Ireland’s parties in a Brexit scramble

Posted By: January 06, 2017

Denis Bradley. Irish News. Belfast. Friday, January 6, 2016

Even the blackest darkness can be penetrated by the human eye. With time and focus, there is always enough light to the eye to reveal the initially veiled reality. Holding on to that truth may be the most optimistic option in a world of political uncertainty.

But we can, for the time being, leave the world to others. We have enough on our plate with Brexit and a wobbly executive that has to find a path through the warm embers of the RHI. We might even stumble into an election.

The RHI will take the focus and the energy, for a time. But that will pass. Politics is good at squaring circles but, as of now, there is no visible circle or square within the Brexit dynamic that is not revolutionary and transformative.

It would be fair to predict that in this darkness, Unionism will do what it mostly does when it feels under pressure. It will go into a defensive formation, leave the greater part of the pitch for others to play on – ‘what we have we hold’ tactics. The only time in modern history that Unionism was forced out of defense was when it discovered that its own British government was already in negotiations with Republicans and Nationalists, leaving it with no option.

The more intriguing questions will be about nationalism’s response. In finding a coherent response to the future of this island Vis, a vis Europe, each of the nationalist parties will have to go through rigorous self-examination. It has already begun with a Fine Gael government admitting that Brexit has forced it to ‘up its game’ on The North and embrace Irish unity as a serious option.

Fianna Fáil is preparing again for government and has publicly declared that it will organize in The North in 2019. Whether it does that on its own or in some relationship with the SDLP remains a moot issue. That date, however, is far off and has the feel of a guest arriving at a party when everyone else is about to go home. The pace of the game has dramatically changed, and Fianna Fáil will not want to see itself as a late comer and their natural constituency in the north will not thank them for hanging back.

Which leaves the two northern parties. Sinn Féin has the advantage of being an all-Ireland party, and that strength will keep them ‘in the room’ where the policies are being partially decided. Being all-Ireland is in itself a definition and even an ill-prepared definition brings a modicum of light into the darkness. Their weakness is that their percentage of the electoral ballot has peaked both North and South. With the inevitable demise of the McGuinness leadership in The North and the presence of Fianna Fáil, if it happens, the plateau on which they currently find themselves is more likely to descend rather than ascend. But even in a more weakened state, they will be players.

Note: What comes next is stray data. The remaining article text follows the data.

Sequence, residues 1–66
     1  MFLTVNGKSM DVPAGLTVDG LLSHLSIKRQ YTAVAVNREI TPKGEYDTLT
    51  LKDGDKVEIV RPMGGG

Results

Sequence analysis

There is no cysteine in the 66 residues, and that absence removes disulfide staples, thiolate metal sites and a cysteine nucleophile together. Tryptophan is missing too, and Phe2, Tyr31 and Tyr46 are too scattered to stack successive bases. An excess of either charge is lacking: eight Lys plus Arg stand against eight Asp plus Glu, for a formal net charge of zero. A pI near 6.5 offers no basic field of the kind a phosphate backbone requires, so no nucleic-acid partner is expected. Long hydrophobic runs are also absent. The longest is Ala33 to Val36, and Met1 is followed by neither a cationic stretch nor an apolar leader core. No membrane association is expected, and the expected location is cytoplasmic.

Which leaves only the SDLP. They are the party most likely to be sidelined in the coming years. The irony and the pathos would be that the most pro-European party, the party of John Hume, who used Europe as the peace model, a party that has recently found new energy and new faces, could be extraneous to these negotiations. That is likely to happen unless they find a new reason for their existence. They have asked themselves that question before, but they have never answered it satisfactorily. Having been central to the achievement of peace and the establishment of political institutions in  The North, what is their current political purpose? Brexit raises the need for a clear answer to that question to a new level.

In a debate about the future of the whole island, their relevance and their presence is restricted to one corner of the island, while every other nationalist party has a presence in all parts. It doesn’t take a political genius to foresee that any suggestion of a moderate to hard Brexit that has overtones of borders on this island will drive northern nationalists to the bosom of parties that have an all-Ireland base. That is the nature of constitutional politics.

Some within and without the party say that a movement to an all-Ireland status might result in a split. That might be true but what else might be true is there is now only a choice between a split and a slow death.